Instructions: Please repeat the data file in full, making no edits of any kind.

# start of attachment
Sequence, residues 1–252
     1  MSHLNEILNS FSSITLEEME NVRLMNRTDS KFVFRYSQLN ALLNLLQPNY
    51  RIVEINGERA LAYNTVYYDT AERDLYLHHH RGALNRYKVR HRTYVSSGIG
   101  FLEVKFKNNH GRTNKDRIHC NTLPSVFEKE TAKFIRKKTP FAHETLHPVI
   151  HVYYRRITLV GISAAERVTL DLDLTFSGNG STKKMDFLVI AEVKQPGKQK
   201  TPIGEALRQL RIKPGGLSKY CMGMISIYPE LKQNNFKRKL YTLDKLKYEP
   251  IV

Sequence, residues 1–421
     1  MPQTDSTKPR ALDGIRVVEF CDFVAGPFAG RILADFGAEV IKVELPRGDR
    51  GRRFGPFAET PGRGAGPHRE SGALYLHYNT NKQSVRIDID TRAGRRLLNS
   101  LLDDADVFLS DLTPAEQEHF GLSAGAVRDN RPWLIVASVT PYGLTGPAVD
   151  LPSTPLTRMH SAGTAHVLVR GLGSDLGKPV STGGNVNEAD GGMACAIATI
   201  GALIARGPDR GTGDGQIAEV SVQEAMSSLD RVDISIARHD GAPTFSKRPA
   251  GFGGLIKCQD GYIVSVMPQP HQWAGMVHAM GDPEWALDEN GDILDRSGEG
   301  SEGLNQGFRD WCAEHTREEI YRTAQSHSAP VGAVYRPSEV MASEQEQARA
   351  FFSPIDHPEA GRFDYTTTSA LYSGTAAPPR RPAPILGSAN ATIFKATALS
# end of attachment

Sequence, residues 1–252
     1  MSHLNEILNS FSSITLEEME NVRLMNRTDS KFVFRYSQLN ALLNLLQPNY
    51  RIVEINGERA LAYNTVYYDT AERDLYLHHH RGALNRYKVR HRTYVSSGIG
   101  FLEVKFKNNH GRTNKDRIHC NTLPSVFEKE TAKFIRKKTP FAHETLHPVI
   151  HVYYRRITLV GISAAERVTL DLDLTFSGNG STKKMDFLVI AEVKQPGKQK
   201  TPIGEALRQL RIKPGGLSKY CMGMISIYPE LKQNNFKRKL YTLDKLKYEP
   251  IV

Sequence, residues 1–421
     1  MPQTDSTKPR ALDGIRVVEF CDFVAGPFAG RILADFGAEV IKVELPRGDR
    51  GRRFGPFAET PGRGAGPHRE SGALYLHYNT NKQSVRIDID TRAGRRLLNS
   101  LLDDADVFLS DLTPAEQEHF GLSAGAVRDN RPWLIVASVT PYGLTGPAVD
   151  LPSTPLTRMH SAGTAHVLVR GLGSDLGKPV STGGNVNEAD GGMACAIATI
   201  GALIARGPDR GTGDGQIAEV SVQEAMSSLD RVDISIARHD GAPTFSKRPA
   251  GFGGLIKCQD GYIVSVMPQP HQWAGMVHAM GDPEWALDEN GDILDRSGEG
   301  SEGLNQGFRD WCAEHTREEI YRTAQSHSAP VGAVYRPSEV MASEQEQARA
   351  FFSPIDHPEA GRFDYTTTSA LYSGTAAPPR RPAPILGSAN ATIFKATALS